Jessica Park Wright: Keeping watch over the watchmen
There's a striking mural painted on the blast wall in front of the National Directorate of Security in Kabul, just two piercing eyes staring at passersby next to the phrases, in Dari, "Corruption is not hidden from God and the people's gaze" and "I see you."
It brings to mind the Latin phrase Quis custodiet ipsos custodes, which roughly translates to "Who watches the watchmen" — a perennial question. In Afghanistan's climate of corruption, the watching is a people's initiative. In the United States, where injustice is systemic but more insidious, we see a people's movement on the rise.
I have called Afghanistan home, as well as New York City, and recently, home has been South Egremont in Berkshire County. From this vantage I have watched an inept president mismanage a national health crisis that has led, in many ways, to the growth of a worldwide human rights movement. From a place of righteous anger and frustration, people are asking questions about persistent racial, economic and social inequality in America.
With the rise of white nationalist hate groups and the unveiling of privilege weaponized (as in the Amy Cooper Central Park incident), people are asking why we have turned a blind eye to blatant racism for so long. Meanwhile, we are bearing witness to police brutality in Minneapolis; in Louisville, Ky.; in Glynn County, Ga.; and in Aurora, Colo. We say the names of the victims as a rallying cry and as a reminder that their lives matter, and that black lives matter. George Floyd, Breonna Taylor, Ahmaud Arbery, Elijah McClain. There are so many more. Indeed, even in our peaceful Berkshire Arcadia, the events of recent months compel us to reframe the way we think about so many things, from entrenched narratives of racism to the laws that solidify injustice and perpetuate hate.
In an effort to bring the discussion home and with the goal of effecting tangible change in this community, I, along with a small but passionate group of reform-minded friends, presented proposals at the Great Barrington and Egremont annual meetings in June to reduce the towns' police budgets, reallocate funds to community organizations and open a discussion about alternative policing models.
Our reasoning was simple: The police budgets in both towns far exceed the budgets of most other sectors (over $1.7 million allocated in Great Barrington or 67 percent of the public safety budget, and over $430,000 allocated in Egremont or nearly 10 times the human services budget). Crime is consistently low in the area (Great Barrington has 60 percent less crime than the national average and Egremont has no crime to speak of). Funds are better allocated to community health programs, youth projects and other local initiatives than to over-weaponized and over-staffed police departments.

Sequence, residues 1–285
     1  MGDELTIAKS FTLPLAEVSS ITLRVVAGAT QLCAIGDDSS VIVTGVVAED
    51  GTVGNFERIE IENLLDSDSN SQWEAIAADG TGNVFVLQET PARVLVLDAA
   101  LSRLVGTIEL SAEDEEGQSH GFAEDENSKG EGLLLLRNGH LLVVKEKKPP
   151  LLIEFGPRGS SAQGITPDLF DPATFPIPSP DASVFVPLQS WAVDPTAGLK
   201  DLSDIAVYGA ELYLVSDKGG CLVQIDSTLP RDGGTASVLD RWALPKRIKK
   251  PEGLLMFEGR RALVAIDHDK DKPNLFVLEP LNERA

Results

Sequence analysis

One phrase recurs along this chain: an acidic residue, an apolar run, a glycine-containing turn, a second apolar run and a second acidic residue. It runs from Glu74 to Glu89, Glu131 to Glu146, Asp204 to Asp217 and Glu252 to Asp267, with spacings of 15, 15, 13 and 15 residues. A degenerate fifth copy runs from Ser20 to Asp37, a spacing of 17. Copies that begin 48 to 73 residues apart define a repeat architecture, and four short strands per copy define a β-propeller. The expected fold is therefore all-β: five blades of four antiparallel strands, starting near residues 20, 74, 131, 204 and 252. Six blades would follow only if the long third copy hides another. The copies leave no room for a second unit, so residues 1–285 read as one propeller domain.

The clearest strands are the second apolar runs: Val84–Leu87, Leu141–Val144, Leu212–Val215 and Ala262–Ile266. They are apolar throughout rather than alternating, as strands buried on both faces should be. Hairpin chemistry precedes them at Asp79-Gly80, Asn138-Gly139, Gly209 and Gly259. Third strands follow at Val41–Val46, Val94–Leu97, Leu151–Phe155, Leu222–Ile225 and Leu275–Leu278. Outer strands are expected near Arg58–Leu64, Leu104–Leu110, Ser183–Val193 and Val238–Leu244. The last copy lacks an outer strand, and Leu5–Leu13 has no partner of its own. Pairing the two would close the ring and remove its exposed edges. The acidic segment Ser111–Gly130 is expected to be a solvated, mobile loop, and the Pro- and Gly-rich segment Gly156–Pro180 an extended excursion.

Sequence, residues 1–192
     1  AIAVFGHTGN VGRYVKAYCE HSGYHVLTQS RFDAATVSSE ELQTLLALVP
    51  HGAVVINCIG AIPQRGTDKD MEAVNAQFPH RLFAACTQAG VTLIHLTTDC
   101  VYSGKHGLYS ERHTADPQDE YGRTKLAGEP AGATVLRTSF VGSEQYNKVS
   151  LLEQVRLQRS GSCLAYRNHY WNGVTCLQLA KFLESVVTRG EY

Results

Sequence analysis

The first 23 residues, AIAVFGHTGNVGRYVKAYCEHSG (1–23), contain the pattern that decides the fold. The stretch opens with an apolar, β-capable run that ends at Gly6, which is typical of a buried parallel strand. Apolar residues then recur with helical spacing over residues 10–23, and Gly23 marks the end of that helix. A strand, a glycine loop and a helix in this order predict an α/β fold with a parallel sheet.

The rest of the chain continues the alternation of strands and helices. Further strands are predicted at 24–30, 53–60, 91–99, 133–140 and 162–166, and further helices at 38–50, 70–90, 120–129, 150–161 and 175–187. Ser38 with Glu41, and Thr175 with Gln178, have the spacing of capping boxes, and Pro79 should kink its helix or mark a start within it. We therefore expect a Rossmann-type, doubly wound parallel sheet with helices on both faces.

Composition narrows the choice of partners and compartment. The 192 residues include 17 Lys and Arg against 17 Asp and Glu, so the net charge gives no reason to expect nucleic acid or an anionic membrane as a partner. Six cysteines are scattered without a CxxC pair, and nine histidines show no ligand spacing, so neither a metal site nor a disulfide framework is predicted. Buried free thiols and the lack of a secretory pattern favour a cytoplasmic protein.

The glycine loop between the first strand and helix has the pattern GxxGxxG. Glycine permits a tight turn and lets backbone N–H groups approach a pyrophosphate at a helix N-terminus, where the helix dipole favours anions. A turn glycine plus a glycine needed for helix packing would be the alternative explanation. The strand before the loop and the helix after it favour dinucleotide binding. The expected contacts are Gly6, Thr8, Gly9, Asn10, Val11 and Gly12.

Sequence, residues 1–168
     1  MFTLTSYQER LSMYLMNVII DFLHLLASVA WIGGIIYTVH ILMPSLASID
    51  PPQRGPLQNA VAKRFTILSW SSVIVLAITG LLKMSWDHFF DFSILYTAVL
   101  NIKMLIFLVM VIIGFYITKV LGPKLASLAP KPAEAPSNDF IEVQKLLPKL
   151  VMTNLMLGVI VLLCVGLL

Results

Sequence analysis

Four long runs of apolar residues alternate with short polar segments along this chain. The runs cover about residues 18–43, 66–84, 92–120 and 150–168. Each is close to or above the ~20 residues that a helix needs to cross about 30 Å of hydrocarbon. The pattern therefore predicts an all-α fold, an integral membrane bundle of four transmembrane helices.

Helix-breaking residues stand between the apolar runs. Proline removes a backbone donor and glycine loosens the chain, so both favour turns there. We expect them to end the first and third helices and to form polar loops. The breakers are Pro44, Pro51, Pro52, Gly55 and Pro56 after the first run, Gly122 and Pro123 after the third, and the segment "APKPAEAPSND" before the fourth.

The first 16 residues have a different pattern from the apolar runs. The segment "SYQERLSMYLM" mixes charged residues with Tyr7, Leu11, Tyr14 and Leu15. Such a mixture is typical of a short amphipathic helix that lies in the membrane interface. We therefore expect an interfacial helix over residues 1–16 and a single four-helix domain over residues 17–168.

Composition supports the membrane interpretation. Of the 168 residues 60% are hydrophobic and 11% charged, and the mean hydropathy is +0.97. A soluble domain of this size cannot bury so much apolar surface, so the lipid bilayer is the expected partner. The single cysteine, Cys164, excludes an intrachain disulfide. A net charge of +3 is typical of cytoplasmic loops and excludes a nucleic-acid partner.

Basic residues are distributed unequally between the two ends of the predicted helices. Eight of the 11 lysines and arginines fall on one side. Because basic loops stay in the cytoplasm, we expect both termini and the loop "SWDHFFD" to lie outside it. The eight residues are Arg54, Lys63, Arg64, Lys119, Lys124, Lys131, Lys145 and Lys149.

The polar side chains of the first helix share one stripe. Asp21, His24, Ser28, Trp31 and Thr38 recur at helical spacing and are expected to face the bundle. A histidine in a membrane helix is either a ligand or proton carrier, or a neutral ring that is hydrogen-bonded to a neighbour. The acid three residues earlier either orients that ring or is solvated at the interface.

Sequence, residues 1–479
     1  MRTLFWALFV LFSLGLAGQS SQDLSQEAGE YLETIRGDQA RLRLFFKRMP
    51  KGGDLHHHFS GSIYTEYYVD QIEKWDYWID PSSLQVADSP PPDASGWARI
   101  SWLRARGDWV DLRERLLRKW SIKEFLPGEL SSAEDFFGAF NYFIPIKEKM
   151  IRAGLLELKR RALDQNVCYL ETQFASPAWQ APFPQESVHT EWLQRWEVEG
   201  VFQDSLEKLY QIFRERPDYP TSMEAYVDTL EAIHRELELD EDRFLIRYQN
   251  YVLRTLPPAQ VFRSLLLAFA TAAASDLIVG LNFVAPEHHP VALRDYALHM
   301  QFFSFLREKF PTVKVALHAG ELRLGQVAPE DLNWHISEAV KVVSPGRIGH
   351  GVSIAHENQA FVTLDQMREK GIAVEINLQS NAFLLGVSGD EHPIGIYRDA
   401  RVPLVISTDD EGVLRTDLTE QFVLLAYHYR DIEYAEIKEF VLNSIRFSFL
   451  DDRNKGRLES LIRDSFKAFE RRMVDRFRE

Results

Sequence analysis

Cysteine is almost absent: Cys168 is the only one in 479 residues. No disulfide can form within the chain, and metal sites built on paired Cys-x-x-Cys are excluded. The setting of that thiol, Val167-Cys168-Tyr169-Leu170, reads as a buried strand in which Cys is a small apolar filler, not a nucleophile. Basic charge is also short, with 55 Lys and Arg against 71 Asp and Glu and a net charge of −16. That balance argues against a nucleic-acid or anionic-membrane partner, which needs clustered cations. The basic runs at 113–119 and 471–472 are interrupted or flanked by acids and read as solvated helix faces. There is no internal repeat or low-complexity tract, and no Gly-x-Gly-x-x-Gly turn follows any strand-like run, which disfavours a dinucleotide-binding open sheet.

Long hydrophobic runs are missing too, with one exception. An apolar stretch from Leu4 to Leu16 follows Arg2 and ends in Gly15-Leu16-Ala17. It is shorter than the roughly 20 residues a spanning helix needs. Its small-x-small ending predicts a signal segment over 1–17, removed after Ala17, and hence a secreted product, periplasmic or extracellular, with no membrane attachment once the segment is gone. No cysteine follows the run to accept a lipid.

We also argued that Great Barrington and Egremont are well positioned to be leaders in public safety reform in a nation struggling to come to terms with entrenched systems that do not serve the people they should protect. What better place than these peaceful towns to foster healthier attitudes between law enforcement and citizens? And what's more, we know that alternative models work. The town of New Marlborough, for example, has implemented a "proactive community-oriented approach to public service," employing only a police chief, one full-time officer and a few part-time officers. No one will argue that the five villages are unpleasant or unsafe places to live.
Our conservative proposal to reduce the Great Barrington police budget of approximately $1.7 million by $200,000 failed by a vote of 132 to 74, and our proposal to hold the Egremont police budget at $409,732 (instead of increasing it by a proposed $27,000) failed to get a majority of voters behind it. But our message did not fall entirely on deaf ears. Many town residents have since voiced their support for our initiative, and a detailed plan for police reform was presented at a July 1 Great Barrington Select Board meeting. It seems there is a growing consensus against the American approach to law enforcement, one in which the police are viscerally feared and avoided instead of being welcomed as allies and protectors.
At the very least we hope our efforts have opened a discussion among town residents about the consequential issues at stake right now, and emboldened those who will fight for better systems, build stronger institutions and promote new ways of thinking.
Radical social change happens incrementally. It is our duty as citizens to keep watch.
Jessica Park Wright is a litigation associate at DLA Piper in New York City. Prior to joining the firm, she was an international associate at RLS Legal in Kabul and served as a Legal Advisor in the Office of the President of Afghanistan.
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